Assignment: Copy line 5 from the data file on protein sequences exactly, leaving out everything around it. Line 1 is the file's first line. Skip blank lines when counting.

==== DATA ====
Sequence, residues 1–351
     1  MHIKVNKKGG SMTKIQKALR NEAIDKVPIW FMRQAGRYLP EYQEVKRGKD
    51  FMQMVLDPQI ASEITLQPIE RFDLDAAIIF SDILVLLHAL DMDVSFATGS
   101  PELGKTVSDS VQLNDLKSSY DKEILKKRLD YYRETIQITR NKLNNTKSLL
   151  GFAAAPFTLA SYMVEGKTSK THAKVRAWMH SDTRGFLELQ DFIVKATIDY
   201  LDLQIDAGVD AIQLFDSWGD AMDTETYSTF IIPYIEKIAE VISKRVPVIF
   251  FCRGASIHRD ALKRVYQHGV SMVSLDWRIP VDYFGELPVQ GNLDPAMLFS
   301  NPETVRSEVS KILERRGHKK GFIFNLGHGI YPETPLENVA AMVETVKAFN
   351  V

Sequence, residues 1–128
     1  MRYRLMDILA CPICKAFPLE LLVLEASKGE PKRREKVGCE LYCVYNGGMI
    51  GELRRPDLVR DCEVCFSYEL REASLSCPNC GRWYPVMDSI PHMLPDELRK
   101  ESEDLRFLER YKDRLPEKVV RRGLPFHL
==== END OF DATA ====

   151  GFAAAPFTLA SYMVEGKTSK THAKVRAWMH SDTRGFLELQ DFIVKATIDY